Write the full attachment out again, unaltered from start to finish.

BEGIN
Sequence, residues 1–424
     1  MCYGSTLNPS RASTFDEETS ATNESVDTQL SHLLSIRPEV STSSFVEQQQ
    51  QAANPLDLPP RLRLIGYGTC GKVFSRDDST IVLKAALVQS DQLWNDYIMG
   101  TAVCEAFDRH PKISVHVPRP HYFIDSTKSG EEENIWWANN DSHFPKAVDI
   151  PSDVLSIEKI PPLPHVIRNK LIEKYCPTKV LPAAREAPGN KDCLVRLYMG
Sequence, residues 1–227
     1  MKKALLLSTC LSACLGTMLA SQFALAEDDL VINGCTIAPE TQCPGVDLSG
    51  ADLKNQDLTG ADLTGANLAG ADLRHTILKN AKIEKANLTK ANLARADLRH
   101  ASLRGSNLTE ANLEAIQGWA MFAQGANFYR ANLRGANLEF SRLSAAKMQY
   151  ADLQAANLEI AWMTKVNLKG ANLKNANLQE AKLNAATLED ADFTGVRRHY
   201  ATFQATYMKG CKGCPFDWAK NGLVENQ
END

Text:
Sequence, residues 1–424
     1  MCYGSTLNPS RASTFDEETS ATNESVDTQL SHLLSIRPEV STSSFVEQQQ
    51  QAANPLDLPP RLRLIGYGTC GKVFSRDDST IVLKAALVQS DQLWNDYIMG
   101  TAVCEAFDRH PKISVHVPRP HYFIDSTKSG EEENIWWANN DSHFPKAVDI
   151  PSDVLSIEKI PPLPHVIRNK LIEKYCPTKV LPAAREAPGN KDCLVRLYMG
Sequence, residues 1–227
     1  MKKALLLSTC LSACLGTMLA SQFALAEDDL VINGCTIAPE TQCPGVDLSG
    51  ADLKNQDLTG ADLTGANLAG ADLRHTILKN AKIEKANLTK ANLARADLRH
   101  ASLRGSNLTE ANLEAIQGWA MFAQGANFYR ANLRGANLEF SRLSAAKMQY
   151  ADLQAANLEI AWMTKVNLKG ANLKNANLQE AKLNAATLED ADFTGVRRHY
   201  ATFQATYMKG CKGCPFDWAK NGLVENQ